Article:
Carl R. Darnall Army Medical Center - Health Library

Morton Neuroma Removal

Definition

Morton neuromais swelling and scarring of a nerve in the foot that goes to the toes. Surgery removes the area of swelling and the nerve.

Reasons for Procedure ^

Morton neuroma can cause pain and tingling. Surgery is done to ease these symptoms when other treatment has not helped. After the removal, most people have pain relief.

Possible Complications ^

Problems are rare, but all procedures have some risk. Your doctor will go over some of these problems, like:

  • Returning pain
  • Numbness in the nearby toes
  • Bleeding
  • Infection
  • Poor wound healing

Some factors that may raise the risk of problems include:

  • Smoking
  • Eating poorly
  • Long term health problems, such as diabetes
  • Use of certain medicines
  • Bleeding problems

What to Expect ^

Prior to Procedure

You doctor may use prior tests to understand the location of the surgery.

Anesthesia

Local or general anesthesia will be used. Local anesthesia will numb the area. With general anesthesia, you will be asleep.

Description of Procedure

A small cut will be made on the top of the foot. It will be made between the two toes that are affected by the neuroma. The area of swelling and the nerve will be found and removed. The end of the nerve will be attached to a toe tendon. Sometimes, the ligament between the involved foot bones is cut to prevent pressure on the area. The cut will then be closed with stitches. A bandage will be placed over the area.

Nerves of the Foot
Foot Anatomy Nerve and muscle

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After Procedure

The removed tissue will be tested in a lab. The results may take several days.

How Long Will It Take?

Less than 1 hour

How Much Will It Hurt?

Anesthesia will prevent pain during surgery. Pain after surgery can be eased with medicines.

Average Stay

If there were no problems, you may be able to leave the same day.

Post-procedure Care

When you are home:

  • Limit activity. This may be for three to six weeks.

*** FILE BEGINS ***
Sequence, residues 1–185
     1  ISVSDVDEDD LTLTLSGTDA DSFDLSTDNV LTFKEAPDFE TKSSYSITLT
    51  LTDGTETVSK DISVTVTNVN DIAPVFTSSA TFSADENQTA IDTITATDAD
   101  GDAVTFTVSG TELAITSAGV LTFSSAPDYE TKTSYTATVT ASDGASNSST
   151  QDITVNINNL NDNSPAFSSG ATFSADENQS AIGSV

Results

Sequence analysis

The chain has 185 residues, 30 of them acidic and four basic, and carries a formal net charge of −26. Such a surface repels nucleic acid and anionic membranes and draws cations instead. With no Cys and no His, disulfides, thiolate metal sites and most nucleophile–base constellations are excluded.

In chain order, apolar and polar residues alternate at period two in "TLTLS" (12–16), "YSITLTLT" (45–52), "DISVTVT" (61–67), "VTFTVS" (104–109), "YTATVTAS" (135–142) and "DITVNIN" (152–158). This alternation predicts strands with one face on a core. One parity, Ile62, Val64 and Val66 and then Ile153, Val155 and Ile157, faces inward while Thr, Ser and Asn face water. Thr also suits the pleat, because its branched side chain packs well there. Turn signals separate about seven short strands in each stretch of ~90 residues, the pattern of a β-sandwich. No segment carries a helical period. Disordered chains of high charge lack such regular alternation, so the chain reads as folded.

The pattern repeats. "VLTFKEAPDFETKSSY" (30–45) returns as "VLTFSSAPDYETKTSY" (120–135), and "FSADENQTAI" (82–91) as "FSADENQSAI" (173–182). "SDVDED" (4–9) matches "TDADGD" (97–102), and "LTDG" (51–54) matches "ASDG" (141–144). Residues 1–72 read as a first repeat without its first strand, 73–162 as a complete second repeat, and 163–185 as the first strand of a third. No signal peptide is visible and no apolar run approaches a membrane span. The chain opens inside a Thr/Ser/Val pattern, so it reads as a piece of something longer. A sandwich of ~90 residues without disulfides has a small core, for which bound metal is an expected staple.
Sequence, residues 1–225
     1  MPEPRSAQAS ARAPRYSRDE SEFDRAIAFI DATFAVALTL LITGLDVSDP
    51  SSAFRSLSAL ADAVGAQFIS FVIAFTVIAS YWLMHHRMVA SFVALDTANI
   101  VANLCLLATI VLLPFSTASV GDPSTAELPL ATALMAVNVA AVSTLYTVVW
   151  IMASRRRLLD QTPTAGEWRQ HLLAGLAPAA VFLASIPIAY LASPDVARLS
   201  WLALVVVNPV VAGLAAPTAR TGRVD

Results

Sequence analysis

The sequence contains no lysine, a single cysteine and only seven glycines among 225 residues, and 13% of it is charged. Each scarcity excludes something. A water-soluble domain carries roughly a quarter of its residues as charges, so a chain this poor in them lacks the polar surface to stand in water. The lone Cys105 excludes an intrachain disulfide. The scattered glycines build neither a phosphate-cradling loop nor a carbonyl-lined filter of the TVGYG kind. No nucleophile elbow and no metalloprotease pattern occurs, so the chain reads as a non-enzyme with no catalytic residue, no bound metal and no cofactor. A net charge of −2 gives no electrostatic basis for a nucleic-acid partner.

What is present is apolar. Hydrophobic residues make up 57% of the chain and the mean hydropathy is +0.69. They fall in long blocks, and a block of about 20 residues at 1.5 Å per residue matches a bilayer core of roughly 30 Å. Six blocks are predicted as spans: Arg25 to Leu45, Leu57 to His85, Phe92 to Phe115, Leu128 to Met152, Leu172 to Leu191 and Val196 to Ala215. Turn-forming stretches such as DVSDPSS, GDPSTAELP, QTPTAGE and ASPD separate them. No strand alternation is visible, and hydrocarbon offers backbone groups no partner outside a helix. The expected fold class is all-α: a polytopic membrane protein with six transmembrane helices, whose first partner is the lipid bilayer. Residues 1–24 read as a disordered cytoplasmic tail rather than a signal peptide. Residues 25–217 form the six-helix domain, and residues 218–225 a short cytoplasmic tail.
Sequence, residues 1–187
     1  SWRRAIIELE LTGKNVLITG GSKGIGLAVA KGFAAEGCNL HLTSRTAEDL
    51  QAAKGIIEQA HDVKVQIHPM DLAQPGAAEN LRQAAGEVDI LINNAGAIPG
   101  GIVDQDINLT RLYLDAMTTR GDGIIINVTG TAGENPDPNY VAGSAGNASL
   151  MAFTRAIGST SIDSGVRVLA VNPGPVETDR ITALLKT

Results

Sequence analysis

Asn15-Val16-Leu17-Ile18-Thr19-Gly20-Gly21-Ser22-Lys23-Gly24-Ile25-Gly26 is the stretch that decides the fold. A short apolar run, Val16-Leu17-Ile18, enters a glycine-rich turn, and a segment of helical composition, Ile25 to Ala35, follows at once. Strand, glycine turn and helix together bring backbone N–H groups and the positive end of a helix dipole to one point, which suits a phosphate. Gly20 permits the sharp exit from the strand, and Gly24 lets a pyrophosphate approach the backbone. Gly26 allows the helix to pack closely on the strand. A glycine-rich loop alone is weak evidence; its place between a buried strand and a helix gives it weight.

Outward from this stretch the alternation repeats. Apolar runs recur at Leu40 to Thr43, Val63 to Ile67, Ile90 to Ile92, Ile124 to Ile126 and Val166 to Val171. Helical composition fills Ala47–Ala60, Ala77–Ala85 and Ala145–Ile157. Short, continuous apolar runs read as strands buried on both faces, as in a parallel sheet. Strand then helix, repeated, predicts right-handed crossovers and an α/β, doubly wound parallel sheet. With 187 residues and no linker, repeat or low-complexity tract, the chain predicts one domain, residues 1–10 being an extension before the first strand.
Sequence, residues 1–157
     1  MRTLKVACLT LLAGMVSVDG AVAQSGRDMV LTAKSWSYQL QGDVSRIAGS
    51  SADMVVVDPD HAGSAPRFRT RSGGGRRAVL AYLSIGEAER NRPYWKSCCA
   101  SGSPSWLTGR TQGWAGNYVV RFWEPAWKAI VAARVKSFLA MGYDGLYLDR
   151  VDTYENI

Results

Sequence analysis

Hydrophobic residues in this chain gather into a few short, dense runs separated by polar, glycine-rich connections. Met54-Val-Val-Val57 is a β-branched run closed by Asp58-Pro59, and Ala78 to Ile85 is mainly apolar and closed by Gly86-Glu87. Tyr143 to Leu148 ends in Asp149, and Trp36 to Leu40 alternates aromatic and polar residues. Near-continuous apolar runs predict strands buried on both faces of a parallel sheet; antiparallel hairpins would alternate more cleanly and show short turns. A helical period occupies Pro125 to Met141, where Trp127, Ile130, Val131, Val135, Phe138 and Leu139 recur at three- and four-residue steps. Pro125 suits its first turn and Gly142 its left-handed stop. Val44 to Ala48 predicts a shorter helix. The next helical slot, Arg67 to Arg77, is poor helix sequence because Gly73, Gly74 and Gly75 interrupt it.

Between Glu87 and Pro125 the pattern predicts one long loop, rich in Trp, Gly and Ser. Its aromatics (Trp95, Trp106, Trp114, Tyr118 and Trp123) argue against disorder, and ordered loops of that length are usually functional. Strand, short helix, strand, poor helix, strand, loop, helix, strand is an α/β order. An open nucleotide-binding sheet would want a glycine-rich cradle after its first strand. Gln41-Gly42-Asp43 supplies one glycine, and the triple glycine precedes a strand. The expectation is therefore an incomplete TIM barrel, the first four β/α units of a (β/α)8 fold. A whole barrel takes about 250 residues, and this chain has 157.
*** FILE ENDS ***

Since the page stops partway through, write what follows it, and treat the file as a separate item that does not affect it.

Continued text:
• Do exercises as advised to stay flexible and strong.
  • Follow your doctor’s instructions.

Call Your Doctor ^

Call your doctor if your recovery is not progressing as expected or you have problems such as:

  • Signs of infection, such as fever and chills
  • Redness, swelling, increasing pain, excessive bleeding, or leaking from the cut
  • Pain that you cannot control with the medicines you were given
  • Return of the symptoms in your foot, or new, unexplained symptoms

If you think you have an emergency, call for medical help right away.

RESOURCES:

American College of Foot and Ankle Surgeons
http://www.acfas.org

American Podiatric Medical Association
http://www.apma.org

CANADIAN RESOURCES:

College of Podiatric Physicians of Alberta
http://www.albertapodiatry.com

Canadian Podiatric Medical Association
http://www.podiatrycanada.org

REFERENCES:

Morton neuroma. EBSCO DynaMed website. Available at:http://www.dynamed.com/topics/dmp~AN~T114041/Morton-neuroma. Updated June 8, 2016. Accessed July 27, 2018.

Morton's neuroma. Ortho Info—American Academy of Orthopaedic Surgeons website. Available at: http://orthoinfo.aaos.org/topic.cfm?topic=a00158. Updated September 2012. Accessed July 27, 2018.

Thomson CE, Gibson JN, Martin D. Interventions for the treatment of Mortons neuroma. Cochrane Database of Systematic Reviews. 2004;CD003118.

Last reviewed June 2018 by EBSCO Medical Review Board Kathleen A. Barry, MD  Last Updated: 7/27/2018